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Lynn Swann Skating By On Issues

How long can Republican candidate get away with it?

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Finally, gubernatorial candidate Lynn Swann has found an issue he doesn't have to punt on: who should win a license to build a slots casino in Pittsburgh.

On March. 29, Swann announced that, of the three gambling interests hoping to build a casino here, he favored giving a license to Isle of Capri. The company would use slots revenue to build a new hockey arena for the Pittsburgh Penguins, Swann noted. And its pledge to redevelop the surrounding area would be "a win for the Hill District." The whole proposal, he maintained, was a "win win win."

And how much difference will Swann's support make? Zero, zip, zilch.

For one thing, unlike other local politicians who've backed Isle of Capri, Swann hasn't been elected yet. So he doesn't represent city residents, and as a Sewickley native he's not one himself. More importantly, the state's seven-member Gaming Control Board plans to award gambling licenses this December, says board spokesman Nick Hays. If that timetable holds, the license-winners will be selected before Swann takes office. Even if the timetable doesn't hold, the state's gambling legislation says that board members can't be removed until their terms expire.

But so what? This was an easy way for Swann to pander to Pittsburgh's home crowd, which naturally supports the Pens. The issue also allowed Swann to mention his own sports background — as he wasted no time in doing. ("Having played for the Steelers for so many years," Swann told reporters, "I know how important it is for the Penguins to have a new home." Yeah, I can see how catching a football makes you an expert in facilities management.)

Contrast Swann's content-free appearance with Gov. Ed Rendell's press conference the next day.

Rendell bantered with reporters for an hour about his own arena-funding proposal. The proposal would build a new Pittsburgh arena in case the Gaming Control Board doesn't award the slots license to Isle of Capri. In that case, Rendell would finance a new arena by using some slots proceeds, money from the Penguins, and a "voluntary" contribution from the winning casino applicant.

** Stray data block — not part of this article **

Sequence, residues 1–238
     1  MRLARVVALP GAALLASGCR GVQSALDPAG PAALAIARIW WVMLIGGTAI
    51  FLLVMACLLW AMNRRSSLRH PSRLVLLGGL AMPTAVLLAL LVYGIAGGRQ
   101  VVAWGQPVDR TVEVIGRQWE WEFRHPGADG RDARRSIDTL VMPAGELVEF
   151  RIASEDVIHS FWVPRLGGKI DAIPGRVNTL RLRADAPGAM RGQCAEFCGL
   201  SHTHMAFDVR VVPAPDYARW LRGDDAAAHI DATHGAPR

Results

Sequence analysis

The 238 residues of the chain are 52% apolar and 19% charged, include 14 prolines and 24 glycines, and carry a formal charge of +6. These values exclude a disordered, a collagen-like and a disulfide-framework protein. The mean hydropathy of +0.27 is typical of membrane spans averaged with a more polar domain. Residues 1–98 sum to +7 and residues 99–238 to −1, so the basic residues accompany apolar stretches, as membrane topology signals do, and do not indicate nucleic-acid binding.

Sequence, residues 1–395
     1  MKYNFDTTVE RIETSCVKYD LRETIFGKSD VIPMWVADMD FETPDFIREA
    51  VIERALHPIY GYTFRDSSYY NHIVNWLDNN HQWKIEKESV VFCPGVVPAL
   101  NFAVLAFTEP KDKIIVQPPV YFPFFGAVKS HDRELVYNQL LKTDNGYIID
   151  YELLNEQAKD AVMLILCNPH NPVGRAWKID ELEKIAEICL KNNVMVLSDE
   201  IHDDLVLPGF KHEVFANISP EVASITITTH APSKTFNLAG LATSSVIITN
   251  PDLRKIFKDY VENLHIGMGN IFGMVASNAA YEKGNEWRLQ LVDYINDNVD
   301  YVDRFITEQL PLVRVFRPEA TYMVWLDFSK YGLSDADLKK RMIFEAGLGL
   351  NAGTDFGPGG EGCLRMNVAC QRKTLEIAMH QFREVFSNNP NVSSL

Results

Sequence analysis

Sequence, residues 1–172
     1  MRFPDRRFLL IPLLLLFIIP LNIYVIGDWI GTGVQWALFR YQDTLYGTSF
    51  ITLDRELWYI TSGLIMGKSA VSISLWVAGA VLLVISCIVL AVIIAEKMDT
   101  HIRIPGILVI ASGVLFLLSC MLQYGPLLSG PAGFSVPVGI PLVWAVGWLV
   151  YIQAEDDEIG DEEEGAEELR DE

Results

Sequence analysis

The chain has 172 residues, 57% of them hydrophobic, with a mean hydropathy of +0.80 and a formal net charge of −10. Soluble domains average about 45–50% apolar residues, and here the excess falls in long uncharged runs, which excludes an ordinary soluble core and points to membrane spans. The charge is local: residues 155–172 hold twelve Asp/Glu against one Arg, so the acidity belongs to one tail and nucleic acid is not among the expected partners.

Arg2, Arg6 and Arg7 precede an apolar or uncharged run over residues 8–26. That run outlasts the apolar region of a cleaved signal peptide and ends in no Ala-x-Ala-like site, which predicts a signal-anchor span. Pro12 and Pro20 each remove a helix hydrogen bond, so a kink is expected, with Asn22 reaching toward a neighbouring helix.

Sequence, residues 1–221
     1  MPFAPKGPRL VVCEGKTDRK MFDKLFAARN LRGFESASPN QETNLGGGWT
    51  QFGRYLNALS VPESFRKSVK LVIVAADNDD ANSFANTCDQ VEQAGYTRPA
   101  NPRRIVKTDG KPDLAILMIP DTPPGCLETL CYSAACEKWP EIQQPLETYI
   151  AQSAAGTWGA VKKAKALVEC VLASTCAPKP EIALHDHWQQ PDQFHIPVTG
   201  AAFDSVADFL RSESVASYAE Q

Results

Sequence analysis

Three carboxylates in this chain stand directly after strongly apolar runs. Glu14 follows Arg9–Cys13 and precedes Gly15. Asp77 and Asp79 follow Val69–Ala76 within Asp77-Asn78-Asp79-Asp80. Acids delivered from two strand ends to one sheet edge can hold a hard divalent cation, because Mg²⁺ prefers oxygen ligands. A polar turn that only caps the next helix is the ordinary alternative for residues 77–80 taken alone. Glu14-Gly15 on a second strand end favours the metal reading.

Cynics suspect Rendell is proposing such options for one reason: He knows Isle of Capri won't be that applicant. Locally, it's an article of faith that Rendell supports a rival casino at Station Square, whose owners have supported him politically.

Even if that's true, I'll say this for Rendell: At least he doesn't hide from tough questions. Rendell was asked point-blank about whether he was trying to help his political allies. His answer wasn't exactly a masterpiece of spin: Among those seeking licenses, he said, "I'd be hard-pressed to find … anybody who hasn't given money to my campaign."

Rendell isn't exactly popular with reporters: He's notorious for badgering and mocking them. But at least his press events don't insult their intelligence.

Swann's handlers, meanwhile, hustled him out of his press conference after a half-dozen questions. Perhaps they feared reporters would start asking about widely reported rumors that Swann's business, an on-line sports memorabilia retailer, had failed to pay state sales tax on items such as $200 signed footballs. Swann's campaign in fact dodged those questions until Friday, when Swann disclosed the company would start paying the tax on in-state purchases. The timing is suggestive: Few people pay attention to the Friday evening news or the Saturday paper, so Friday's a great time for politicians to disclose matters they'd rather avoid.

Then again, maybe Swann's campaign didn't fear questions about his business dealings. Maybe they just fear questions, period.

So far, Swann hasn't done substance very well. His strongest policy position all along has been his opposition to abortion — and it seems he doesn't understand even that issue thoroughly. In a February broadcast of ABC News talk-show program This Week, Swann said that if the Supreme Court overturned Roe vs. Wade, "[T]hey've basically said that, you know, you can't have an abortion." As the candidate had to be told by host George Stephanopoulos, overturning Roe would allow states to decide whether to permit abortion.

So Swann has favored overturning Roe, apparently without knowing what that would mean. And now he has staked out a gambling agenda he has little, if any, power to bring about.

Is Swann's campaign strategy win win win, or lose lose lose? Beats me. I only know he seems to think voters are dumb dumb dumb.

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